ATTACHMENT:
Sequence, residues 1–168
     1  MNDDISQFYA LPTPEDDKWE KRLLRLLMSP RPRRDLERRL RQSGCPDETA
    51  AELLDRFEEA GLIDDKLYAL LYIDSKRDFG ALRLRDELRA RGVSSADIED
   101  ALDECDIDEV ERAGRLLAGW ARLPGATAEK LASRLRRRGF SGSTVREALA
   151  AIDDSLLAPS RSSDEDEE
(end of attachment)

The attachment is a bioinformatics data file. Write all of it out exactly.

Sequence, residues 1–168
     1  MNDDISQFYA LPTPEDDKWE KRLLRLLMSP RPRRDLERRL RQSGCPDETA
    51  AELLDRFEEA GLIDDKLYAL LYIDSKRDFG ALRLRDELRA RGVSSADIED
   101  ALDECDIDEV ERAGRLLAGW ARLPGATAEK LASRLRRRGF SGSTVREALA
   151  AIDDSLLAPS RSSDEDEE